Gerry Thornley: History tells us Connacht are justified in feeling hard done by

From refereeing decisions to blatant gerrymandering the province has suffered

Connacht’s Conor Fitzgerald, Jack Aungier, Jack Carty and Shane Delahunt dejected after Saturday’s loss to Munster. Photo: Bryan Keane/Inpho

Connacht’s Conor Fitzgerald, Jack Aungier, Jack Carty and Shane Delahunt dejected after Saturday’s loss to Munster. Photo: Bryan Keane/Inpho

 

Back in the mid-noughties and not long after Connacht had survived the IRFU’s plans to disband their professional team, Matt Williams was asked for an Australian perspective on the treatment and status of the western province. He ventured that there was an “institutionalised racism against Connacht” in the IRFU and Irish rugby.

Strong words, which possibly might sound excessive, even more so nowadays. Indeed, one senior IRFU figure took exception to such an extent that he felt he’d been personally called a racist, but it wasn’t directed at any one individual. Williams was just making the point that there had always been a long-held, collective view among the other three provinces that Connacht were the poor relations of Irish rugby, to be tolerated rather than nurtured.

Consider this historical slant.

For decades at the IRFU annual general meeting of the IRFU, six members of the 22-man committee were elected by ballot. It was an open, fair, democratic vote. Two delegates were nominated from Leinster, Ulster and Munster, and one from Connacht. In other words, six were elected out of seven candidates. And for decades it just so happened that the six were comprised of two each form Leinster, Munster and Ulster.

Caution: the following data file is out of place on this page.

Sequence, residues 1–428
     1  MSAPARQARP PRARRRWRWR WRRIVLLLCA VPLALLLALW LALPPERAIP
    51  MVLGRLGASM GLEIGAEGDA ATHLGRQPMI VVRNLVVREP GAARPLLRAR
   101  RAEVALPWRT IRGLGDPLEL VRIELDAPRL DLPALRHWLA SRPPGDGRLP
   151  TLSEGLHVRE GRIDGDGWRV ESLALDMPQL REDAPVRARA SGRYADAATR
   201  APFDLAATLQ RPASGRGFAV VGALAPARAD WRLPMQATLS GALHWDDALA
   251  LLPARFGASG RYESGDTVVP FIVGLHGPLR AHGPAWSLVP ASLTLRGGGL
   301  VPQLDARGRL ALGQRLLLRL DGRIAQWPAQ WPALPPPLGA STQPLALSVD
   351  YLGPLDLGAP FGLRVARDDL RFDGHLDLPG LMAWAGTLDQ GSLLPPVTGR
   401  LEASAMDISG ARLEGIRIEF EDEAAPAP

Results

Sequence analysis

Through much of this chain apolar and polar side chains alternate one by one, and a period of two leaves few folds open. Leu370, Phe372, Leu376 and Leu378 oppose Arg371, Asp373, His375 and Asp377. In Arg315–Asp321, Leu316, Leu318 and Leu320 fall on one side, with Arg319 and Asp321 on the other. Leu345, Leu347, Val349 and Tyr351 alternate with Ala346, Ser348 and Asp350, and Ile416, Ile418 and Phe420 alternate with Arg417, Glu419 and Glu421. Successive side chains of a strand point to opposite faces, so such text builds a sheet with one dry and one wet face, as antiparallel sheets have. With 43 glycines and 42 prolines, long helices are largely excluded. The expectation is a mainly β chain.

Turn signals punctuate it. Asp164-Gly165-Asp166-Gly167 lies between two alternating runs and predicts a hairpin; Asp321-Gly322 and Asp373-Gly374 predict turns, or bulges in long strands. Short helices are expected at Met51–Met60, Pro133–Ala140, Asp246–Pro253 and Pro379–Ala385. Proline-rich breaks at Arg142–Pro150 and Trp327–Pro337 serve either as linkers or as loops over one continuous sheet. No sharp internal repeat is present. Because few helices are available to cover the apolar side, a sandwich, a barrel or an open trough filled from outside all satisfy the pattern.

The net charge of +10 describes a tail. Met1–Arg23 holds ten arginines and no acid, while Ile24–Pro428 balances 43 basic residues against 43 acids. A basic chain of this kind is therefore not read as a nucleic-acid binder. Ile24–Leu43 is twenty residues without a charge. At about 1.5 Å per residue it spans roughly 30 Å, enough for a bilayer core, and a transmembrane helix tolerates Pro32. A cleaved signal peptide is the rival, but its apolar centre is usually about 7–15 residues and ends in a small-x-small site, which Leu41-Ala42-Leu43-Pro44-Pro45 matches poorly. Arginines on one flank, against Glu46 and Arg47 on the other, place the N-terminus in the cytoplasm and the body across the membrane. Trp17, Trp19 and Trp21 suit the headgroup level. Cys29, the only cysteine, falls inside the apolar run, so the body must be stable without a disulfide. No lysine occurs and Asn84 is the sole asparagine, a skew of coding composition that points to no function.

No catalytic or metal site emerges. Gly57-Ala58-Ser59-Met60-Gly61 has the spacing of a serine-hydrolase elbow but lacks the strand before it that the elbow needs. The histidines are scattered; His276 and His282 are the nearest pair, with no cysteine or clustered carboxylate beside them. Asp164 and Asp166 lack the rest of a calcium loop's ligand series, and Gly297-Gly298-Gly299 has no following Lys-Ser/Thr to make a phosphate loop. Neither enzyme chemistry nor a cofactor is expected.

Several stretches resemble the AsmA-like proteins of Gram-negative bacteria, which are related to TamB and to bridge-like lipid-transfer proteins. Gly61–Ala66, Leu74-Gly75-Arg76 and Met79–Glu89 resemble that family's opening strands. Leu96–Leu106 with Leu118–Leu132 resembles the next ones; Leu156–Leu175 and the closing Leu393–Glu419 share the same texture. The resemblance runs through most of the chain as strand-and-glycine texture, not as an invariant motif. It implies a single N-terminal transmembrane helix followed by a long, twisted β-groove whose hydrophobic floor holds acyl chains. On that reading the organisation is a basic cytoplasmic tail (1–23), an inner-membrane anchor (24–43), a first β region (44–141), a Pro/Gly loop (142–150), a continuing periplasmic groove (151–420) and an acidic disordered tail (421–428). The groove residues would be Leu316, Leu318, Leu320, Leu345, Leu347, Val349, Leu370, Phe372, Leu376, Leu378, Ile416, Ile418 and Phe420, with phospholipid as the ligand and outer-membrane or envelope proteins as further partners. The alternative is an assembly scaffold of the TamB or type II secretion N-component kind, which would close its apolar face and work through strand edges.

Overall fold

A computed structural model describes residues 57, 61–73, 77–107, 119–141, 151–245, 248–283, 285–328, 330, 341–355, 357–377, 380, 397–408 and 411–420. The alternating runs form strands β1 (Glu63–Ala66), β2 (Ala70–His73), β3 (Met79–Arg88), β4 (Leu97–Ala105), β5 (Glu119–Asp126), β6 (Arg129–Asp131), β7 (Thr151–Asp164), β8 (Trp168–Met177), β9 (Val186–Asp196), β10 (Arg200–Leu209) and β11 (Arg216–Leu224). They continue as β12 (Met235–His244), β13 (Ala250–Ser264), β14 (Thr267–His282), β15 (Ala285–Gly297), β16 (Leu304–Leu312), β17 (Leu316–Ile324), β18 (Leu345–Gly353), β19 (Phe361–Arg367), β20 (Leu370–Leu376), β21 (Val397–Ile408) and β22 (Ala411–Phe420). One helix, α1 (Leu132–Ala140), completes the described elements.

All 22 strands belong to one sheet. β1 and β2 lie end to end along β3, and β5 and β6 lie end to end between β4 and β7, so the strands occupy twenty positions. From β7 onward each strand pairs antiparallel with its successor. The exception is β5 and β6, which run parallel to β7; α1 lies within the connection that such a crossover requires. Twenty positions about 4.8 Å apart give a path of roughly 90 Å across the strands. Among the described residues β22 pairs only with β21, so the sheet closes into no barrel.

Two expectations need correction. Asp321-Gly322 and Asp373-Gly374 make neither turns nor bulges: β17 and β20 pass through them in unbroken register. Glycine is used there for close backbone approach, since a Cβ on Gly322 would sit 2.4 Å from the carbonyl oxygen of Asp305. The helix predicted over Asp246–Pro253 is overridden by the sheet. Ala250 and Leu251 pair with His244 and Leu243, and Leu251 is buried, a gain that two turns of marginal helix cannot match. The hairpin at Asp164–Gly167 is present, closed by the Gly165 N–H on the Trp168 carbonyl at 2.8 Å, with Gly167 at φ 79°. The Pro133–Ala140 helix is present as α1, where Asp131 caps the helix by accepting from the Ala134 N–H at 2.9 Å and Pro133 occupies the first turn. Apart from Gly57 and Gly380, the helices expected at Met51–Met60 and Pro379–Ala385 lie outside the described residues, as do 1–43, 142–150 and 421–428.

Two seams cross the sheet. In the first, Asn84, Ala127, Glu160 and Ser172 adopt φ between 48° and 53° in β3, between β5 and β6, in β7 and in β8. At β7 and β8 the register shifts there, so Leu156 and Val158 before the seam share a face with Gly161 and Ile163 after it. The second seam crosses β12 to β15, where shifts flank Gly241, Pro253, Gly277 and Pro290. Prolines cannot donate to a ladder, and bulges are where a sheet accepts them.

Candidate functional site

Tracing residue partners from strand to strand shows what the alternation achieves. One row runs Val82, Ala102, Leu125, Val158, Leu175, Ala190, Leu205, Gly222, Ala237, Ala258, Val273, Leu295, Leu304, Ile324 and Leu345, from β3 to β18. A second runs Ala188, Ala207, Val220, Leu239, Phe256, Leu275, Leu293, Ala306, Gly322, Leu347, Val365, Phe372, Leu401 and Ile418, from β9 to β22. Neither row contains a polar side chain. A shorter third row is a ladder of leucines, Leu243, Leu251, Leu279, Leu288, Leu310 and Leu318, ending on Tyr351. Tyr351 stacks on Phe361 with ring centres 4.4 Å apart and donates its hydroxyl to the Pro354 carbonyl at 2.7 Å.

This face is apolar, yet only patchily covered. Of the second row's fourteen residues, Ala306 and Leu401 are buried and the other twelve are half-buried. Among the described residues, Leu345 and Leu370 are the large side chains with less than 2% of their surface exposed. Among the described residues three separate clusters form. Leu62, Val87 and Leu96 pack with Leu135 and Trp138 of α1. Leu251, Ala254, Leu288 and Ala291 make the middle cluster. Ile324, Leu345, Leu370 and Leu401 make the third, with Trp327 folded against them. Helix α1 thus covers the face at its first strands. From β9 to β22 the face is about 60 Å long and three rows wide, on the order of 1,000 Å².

The only time the AGM elected a Connacht delegate was in 1980. Even that was an amusing exception which bucked the trend of decades before and subsequently. Politically incorrect remarks by one of the Munster nominations had given the Ulster delegates no option but to break ranks with the cartel. Otherwise, the Ulster, Leinster and Munster delegates would always vote to ensure that they filled the six places on the committee. It was gerrymandering by any other name and tells us much about prevailing attitudes in the other three provinces toward Connacht.